Paddling is another thing that can be a chore or a piece of cake.  A kayak has the privilege of having a double bladed paddle which just requires side to side action.  It’s a much more smooth movement than that of the canoe which requires that you turn your entire body to go from one side completely to the other due to the single bladed paddle. And the paddle is also shorter than that of the kayak.

It takes more effort to paddle the canoe at top speed which can tire a person out easily causing you to take more breaks.  It takes some skill as well to paddle a canoe in a straight line especially if you don’t have a partner.  It’s much easier to paddle a canoe with two people.

Because the kayak is easier to paddle it is a good alternative for the beginning boater.  It’s a bit simpler to control than the canoe. As it sits closer to the water, it has more stability and allows for better balance.

A difficulty with the kayak is a lot of them are hard to get in and out of.  Most have a small port where the canoe is all open.  The canoe is nice because you can stand up in it while you’re fishing, kneel, move around from position to position. It allows for comfort.  With the kayak, you are kind of stuck in one position. Going out for a long period of time causes discomfort.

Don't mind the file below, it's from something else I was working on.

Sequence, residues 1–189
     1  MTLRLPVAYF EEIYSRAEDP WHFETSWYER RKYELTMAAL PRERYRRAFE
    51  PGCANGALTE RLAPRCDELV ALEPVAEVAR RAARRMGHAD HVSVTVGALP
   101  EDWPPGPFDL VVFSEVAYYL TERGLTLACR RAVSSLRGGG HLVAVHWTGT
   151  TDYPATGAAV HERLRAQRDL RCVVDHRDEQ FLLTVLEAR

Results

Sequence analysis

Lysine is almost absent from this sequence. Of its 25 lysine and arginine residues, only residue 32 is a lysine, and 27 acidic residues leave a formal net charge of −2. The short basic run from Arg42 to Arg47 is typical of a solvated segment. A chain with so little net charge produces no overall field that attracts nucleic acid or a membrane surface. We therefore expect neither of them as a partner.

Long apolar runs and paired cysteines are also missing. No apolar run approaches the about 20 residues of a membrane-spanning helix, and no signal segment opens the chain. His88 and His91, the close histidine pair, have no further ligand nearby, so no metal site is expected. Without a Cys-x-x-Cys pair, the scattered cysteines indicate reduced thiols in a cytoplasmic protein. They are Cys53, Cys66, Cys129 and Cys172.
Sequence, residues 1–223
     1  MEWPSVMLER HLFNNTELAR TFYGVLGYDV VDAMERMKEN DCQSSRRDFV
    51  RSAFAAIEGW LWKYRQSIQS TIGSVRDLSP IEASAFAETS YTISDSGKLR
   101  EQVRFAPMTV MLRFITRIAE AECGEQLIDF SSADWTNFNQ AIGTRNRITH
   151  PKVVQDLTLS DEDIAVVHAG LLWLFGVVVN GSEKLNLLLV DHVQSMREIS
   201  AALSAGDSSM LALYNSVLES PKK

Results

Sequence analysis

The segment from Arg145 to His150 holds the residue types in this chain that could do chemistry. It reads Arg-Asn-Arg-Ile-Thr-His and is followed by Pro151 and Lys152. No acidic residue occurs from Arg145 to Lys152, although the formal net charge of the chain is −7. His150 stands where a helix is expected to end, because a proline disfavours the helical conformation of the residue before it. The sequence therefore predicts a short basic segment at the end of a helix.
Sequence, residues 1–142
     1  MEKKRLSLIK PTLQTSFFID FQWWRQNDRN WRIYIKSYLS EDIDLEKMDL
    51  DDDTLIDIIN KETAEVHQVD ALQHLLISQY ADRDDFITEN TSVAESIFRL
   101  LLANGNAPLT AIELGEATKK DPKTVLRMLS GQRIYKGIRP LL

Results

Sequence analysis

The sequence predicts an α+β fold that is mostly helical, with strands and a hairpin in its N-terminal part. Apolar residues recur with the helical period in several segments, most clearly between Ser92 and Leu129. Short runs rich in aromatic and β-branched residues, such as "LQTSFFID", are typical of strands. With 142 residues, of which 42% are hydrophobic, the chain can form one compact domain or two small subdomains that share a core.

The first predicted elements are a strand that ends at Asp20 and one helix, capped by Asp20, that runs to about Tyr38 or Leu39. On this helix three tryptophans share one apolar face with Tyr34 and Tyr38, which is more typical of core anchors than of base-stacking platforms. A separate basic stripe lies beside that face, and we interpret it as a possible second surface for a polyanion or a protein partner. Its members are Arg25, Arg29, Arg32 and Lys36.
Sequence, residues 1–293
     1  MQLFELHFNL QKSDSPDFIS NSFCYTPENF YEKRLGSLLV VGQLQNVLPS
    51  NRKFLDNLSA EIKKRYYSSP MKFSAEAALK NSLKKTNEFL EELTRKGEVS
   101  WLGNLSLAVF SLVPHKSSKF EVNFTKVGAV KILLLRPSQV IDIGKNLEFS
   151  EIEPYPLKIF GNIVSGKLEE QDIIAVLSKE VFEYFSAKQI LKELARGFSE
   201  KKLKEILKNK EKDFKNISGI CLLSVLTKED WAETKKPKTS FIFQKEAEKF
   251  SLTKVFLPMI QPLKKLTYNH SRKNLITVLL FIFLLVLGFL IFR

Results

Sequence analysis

There are versions of the kayak, though, where you can sit on top. This version does allow for you to stand, do your fishing and allows a bit more freedom of movement.  The kayak has many features built in that make it so that it does not take in water.  There is a skirt that you can put around the opening to keep water out of the port.  There are also drains in the kayak itself where if any water comes up on it, it will drain right off.

If water gets in the canoe, you are kind of stuck with it.  There’s not really any place for it to go.  Because it’s so open, if you go out into heavier waters or catch yourself in rougher waters, you will take some into the boat.  The kayak does really good in the rough water.  Canoe not so much.  The kayak can also ride through shallow water but a canoe doesn’t do really well in shallow waters.  It needs more than just a little bit to get itself going.

Kayaking vs Canoeing for Seniors


Seniors enjoy both, but the canoe is a little heavy and cumbersome for senior citizens to have to maneuver by themselves.  A kayak is great for them, and there are plenty that are designed that are easy for them to be able to get in and out of without any trouble.


The thing with the kayak and seniors is they are great for beginners and they are easy to learn.  It’s good for joints.  This is perfect for socialization activities.  You need to use memory skills to be able to go out and find your way from place to place.

Some TIPS to think about if you’re a senior considering beginning kayaking: